“The Courtship of Lew Alcindor.” That was the name of the feature piece in Time Magazine back in 1965 on Lew Alcindor. Back then, high school athletes were not gracing magazine covers, let alone Time Magazine. Alcindor helped lead his high school Power Memorial to 71 wins and three NYC Catholic Championships. Kareem was anything but a bust, especially considering between his tenure at UCLA and the NBA, he got nine championships and an all-time scoring record.

I mean, I can write a 10-page thesis on why LeBron is the most hyped player of all time. We all can for that matter. LeBron changed the whole aspect of the word “phenom” and reconstructed everybody’s ideals on what exactly is an elite high school player. Due to his talent level and potential ability, it was clear that LeBron was worthy of being covered by the national media. Earning a national broadcast for virtually every big game he played his senior year, it was obvious LeBron was ahead of his time. He was a celebrity even as a 17-year-old. The hype created by media outlets like ESPN showcased a talent that was ahead of his time. Due to the hype surrounding him, it raised one question: Would LeBron live up to it? Safe to say, that was a no-brainer.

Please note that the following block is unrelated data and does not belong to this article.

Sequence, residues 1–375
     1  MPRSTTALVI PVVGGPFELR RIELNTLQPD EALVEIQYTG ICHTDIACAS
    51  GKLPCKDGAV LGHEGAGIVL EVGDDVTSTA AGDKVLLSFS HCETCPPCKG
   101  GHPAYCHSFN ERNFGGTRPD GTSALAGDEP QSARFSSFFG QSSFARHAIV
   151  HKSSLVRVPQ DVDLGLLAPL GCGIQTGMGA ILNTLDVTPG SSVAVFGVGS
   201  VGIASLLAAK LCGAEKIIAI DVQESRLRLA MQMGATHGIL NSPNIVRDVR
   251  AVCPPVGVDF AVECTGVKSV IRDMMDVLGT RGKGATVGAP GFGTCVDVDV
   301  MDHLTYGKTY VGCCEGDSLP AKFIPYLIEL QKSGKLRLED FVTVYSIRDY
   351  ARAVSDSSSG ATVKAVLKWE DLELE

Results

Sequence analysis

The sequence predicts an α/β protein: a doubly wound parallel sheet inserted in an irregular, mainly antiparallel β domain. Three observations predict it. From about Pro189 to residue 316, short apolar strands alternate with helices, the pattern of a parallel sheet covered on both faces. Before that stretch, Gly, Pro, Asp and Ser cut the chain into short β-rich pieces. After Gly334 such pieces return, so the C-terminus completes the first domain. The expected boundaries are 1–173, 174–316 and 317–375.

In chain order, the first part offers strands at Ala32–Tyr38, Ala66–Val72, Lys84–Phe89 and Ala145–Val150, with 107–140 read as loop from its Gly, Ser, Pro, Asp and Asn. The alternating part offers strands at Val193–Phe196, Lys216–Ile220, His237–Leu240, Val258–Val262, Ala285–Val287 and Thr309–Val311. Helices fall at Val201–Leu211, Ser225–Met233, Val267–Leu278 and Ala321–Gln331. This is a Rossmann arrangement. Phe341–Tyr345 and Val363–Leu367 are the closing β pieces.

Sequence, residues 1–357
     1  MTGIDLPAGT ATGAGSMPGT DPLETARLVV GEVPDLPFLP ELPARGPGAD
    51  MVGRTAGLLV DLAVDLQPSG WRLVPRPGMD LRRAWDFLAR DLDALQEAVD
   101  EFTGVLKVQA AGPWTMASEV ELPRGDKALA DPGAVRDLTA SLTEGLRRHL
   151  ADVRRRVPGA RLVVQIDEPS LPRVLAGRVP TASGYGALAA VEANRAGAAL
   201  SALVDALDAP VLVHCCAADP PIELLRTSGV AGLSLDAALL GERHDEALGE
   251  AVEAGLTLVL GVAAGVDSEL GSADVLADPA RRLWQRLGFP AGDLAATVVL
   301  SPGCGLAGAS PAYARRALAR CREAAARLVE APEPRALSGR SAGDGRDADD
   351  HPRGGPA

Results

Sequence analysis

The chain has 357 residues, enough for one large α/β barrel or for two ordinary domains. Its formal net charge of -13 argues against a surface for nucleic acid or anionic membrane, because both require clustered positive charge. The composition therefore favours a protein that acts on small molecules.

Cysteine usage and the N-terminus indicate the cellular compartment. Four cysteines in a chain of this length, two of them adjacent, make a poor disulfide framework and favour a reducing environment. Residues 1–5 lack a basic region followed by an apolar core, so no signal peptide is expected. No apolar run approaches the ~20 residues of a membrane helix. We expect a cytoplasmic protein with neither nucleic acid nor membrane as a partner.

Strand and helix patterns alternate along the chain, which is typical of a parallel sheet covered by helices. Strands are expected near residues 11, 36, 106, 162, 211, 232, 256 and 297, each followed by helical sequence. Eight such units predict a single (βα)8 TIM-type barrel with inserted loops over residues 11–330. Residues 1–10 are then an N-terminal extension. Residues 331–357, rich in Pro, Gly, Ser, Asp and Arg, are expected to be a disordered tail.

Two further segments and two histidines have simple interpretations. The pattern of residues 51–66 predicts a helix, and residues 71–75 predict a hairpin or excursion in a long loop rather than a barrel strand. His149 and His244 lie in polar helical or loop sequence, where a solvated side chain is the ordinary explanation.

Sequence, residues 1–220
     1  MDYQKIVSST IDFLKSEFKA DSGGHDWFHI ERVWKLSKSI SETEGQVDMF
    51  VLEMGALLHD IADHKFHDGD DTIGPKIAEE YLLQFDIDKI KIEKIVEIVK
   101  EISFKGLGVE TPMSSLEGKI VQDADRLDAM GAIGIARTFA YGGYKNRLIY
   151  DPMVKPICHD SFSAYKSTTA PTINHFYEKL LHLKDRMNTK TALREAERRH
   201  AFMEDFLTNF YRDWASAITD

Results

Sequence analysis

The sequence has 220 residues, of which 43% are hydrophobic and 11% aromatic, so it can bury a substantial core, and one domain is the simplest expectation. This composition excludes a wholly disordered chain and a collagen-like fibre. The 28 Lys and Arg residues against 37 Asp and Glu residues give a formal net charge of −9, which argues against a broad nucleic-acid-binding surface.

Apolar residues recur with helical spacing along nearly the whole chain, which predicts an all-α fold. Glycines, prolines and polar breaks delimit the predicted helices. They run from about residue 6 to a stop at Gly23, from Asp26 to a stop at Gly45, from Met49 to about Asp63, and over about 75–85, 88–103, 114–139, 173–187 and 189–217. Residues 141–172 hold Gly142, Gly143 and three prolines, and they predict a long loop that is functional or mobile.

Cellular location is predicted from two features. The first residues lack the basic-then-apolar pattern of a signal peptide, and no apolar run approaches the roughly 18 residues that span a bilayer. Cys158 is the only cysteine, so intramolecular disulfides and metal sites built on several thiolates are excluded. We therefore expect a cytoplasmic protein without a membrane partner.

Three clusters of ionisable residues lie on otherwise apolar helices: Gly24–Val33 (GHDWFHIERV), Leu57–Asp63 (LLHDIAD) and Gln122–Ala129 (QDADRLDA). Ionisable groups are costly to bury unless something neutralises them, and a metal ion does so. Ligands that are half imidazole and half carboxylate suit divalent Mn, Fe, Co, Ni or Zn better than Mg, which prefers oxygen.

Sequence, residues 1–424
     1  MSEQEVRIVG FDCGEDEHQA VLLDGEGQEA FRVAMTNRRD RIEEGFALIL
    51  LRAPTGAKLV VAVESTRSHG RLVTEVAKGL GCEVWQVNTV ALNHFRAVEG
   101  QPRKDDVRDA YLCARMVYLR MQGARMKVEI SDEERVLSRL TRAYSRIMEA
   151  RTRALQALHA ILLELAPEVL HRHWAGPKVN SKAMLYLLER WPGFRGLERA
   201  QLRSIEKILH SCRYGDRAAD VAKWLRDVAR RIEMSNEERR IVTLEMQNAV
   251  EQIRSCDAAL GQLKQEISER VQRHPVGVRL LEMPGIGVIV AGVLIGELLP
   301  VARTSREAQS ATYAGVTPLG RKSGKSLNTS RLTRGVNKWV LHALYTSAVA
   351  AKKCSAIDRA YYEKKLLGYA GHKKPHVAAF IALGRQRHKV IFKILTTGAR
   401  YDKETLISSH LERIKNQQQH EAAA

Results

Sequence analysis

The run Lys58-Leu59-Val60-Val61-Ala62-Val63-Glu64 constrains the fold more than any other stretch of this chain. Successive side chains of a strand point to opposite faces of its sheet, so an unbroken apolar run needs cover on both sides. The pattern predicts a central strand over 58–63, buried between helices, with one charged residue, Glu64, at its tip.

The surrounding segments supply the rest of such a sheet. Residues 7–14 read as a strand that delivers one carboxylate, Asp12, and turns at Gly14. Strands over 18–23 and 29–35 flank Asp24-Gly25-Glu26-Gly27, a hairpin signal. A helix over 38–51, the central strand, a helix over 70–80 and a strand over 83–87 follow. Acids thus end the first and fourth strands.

Did we miss anyone?